Anchor texts are one of the fundamental issues not only in SEO, but generally in creating and publishing content online. The relevance of anchor texts had already been written about by Google’s co-founders in a project document for what was later to become the world’s largest web search engine. What are anchors, how do you use them and what importance do they have for SEO? Let’s go through these issues one by one.
What is an anchor text
What does anchor mean? If you open up an English dictionary it will show that an anchor is a heavy metal object used by ships and boats. In our context, we are talking about something a little bit different, but the association with a ship anchor is quite on point.
An anchor text is a piece of text that we can click on and be taken to a certain page. An anchor therefore anchors two locations on the internet between each other – either within one site or two different sites.
Anchors are a hint to Google of what your website is about. So it’ s best to have a set of keywords on hand upon which your site is already visible, and those on which your competitors are visible – and your site is not yet. This will show you both what material you should publish on your site, as well as which anchor texts to create (for internal linking) and from which anchors to acquire links (for external linking).
You will recognise an anchor by the fact that it will usually be a blue underlined piece of text. This is still the most common form, although some web developers use a different colour and/or abandon underlining.
The colours and styles of the links can be modified on the page using HTML or CSS.
Types of anchor texts
According to some sources, there are up to a dozen types of anchor texts. Here I will list five of the most popular in my opinion:
Exact match, or sales anchor. It contains an exactly matching keyword phrase, without any additional words. For example: CBD oils.
Partial match – it may link to the same place, but it will no longer be a ‘pure’ phrase, instead, for example, with an additional incentive to click: Buy CBD oils here.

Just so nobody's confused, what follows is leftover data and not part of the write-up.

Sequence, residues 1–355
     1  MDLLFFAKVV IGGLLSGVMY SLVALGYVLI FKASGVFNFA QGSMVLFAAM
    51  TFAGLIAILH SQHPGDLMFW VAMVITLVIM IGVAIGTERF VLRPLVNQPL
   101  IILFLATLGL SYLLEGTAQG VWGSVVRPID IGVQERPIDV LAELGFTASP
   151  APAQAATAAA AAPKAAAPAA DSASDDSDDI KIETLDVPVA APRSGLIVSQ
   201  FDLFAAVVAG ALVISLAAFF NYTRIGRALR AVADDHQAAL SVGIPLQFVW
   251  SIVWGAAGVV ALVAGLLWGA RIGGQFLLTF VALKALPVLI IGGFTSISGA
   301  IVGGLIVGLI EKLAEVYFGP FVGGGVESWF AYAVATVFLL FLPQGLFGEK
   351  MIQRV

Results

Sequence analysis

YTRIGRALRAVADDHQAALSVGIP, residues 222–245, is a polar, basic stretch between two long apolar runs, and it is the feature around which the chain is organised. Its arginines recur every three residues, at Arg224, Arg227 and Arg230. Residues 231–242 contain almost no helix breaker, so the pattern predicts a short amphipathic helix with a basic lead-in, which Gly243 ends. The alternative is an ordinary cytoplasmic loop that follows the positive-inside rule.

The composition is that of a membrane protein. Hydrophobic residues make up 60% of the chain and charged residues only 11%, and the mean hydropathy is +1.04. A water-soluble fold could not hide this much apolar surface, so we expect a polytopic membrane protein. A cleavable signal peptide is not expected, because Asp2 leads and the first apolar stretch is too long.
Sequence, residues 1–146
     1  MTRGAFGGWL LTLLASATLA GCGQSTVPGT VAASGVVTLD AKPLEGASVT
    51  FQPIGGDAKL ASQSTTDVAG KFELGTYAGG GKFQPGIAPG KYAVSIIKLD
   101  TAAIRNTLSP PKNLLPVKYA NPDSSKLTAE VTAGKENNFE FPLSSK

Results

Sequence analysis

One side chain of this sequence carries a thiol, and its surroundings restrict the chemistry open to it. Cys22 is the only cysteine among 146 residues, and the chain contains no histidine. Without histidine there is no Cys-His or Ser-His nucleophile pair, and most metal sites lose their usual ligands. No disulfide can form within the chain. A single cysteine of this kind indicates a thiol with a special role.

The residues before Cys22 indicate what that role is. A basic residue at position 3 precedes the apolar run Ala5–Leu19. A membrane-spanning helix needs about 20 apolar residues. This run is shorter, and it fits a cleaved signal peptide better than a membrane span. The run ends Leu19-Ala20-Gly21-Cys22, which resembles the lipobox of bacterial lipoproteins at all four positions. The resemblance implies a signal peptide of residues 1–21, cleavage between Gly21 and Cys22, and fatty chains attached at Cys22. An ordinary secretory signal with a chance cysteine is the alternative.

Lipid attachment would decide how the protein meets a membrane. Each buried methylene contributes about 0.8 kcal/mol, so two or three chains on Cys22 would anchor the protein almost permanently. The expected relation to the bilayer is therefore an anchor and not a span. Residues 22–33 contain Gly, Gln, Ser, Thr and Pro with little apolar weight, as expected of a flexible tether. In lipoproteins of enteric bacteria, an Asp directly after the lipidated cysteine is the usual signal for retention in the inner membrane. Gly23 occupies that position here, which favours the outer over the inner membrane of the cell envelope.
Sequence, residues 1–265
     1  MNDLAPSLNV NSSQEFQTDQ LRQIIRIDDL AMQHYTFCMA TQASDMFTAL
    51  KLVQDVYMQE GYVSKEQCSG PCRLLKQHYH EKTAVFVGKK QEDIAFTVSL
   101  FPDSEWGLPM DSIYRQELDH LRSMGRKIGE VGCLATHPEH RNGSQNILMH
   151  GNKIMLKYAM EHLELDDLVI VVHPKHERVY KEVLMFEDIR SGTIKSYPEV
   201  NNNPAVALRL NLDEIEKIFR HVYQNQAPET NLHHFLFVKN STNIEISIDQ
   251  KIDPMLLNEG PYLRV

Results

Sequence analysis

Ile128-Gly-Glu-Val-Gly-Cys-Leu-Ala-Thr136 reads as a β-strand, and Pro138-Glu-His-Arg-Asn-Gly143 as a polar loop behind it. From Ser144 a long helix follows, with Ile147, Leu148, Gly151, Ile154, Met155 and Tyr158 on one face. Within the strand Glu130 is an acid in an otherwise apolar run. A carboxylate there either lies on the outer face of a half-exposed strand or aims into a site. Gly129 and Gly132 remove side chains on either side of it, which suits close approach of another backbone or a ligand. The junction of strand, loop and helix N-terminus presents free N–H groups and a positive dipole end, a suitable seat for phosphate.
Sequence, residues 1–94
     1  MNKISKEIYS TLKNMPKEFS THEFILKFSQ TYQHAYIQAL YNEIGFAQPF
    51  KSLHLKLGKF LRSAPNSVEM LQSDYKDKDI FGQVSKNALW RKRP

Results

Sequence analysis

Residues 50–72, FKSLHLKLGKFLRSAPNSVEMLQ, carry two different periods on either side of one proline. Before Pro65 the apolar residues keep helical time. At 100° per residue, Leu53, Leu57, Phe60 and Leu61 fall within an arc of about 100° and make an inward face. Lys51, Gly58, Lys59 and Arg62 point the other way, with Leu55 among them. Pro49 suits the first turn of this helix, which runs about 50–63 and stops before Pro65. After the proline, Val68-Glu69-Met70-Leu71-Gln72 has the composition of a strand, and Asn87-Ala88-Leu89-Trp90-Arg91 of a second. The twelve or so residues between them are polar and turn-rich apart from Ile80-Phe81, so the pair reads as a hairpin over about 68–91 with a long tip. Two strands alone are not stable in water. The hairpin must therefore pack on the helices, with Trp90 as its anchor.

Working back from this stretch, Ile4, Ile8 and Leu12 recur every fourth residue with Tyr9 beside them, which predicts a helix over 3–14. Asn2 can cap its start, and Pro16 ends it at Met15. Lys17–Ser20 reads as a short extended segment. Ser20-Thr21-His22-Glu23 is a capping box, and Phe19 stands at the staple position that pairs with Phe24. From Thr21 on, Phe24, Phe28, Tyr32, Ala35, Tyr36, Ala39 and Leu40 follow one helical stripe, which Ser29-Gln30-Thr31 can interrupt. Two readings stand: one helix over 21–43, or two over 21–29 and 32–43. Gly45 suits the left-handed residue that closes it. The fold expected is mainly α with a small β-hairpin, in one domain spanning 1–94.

Zero match – no specific phrase was used. It is still quite common to come across such anchors, although SEO specialists are unlikely to recommend using them. Example: to go to the shop click here.
A brand anchor incorporates the brand name – for example, Mesh CBD.
A long tail anchor contains a very specific and relatively long phrase. This type of anchor is often used when linking to articles, for example: How to create an effective content plan? (links to an article on the Senuto blog on this topic)
An anchor can appear not only as text, but also as an image. That banner you clicked on recently which took you to another page was also an anchor. In this article, however, I am focusing on anchor texts, so when I write anchor – know that I mean anchor text.
Why insert anchor texts?
Firstly, it is for the sake of the readers of the content on our website.
Anchor texts have an aesthetic and functional role. It’s a matter of good style to invite the user to visit the blog subpage using an anchor, rather than writing: “To go to the blog subpage, click the link: https://www.senuto.com/en/blog/”.
An anchor text generally looks much better than a raw link (so-called naked anchor) and does not spoil the flow of reading.
Anchors, when they do not have a sales function, mostly refer to sources of knowledge in order to expand information on a given topic.
For example, we have a text on the blog explaining the basics of SEO. An extract from this text is as follows:
“SEO is a complex process that involves many factors. One of the most important elements of SEO is the right choice of keywords.”
In this extract, the phrase ‘keywords’ is the anchor text and leads to the article “Keywords in SEO – where to find them and how to choose them?”.
It is not difficult to see the value for the reader here: someone who reads an article on SEO basics can open the text on keywords in a new tab for themselves to read later – because the two topics are strongly linked.
Secondly, with Google in mind.
Anchor texts have a significant impact on Google’s SEO. Why? Because, as a rule, a link is anchored in every anchor. Links, in turn, are crucial for positioning. Thanks to links, the internet is essentially what it is: a network of information; a network woven precisely from links.
By linking appropriately, we develop the network. If we develop the network, the search engine rankings – of our site or the sites we link to – increase. That’s it in a nutshell. More on the importance of anchor texts in positioning (SEO) in a moment.
How to add an anchor text in HTML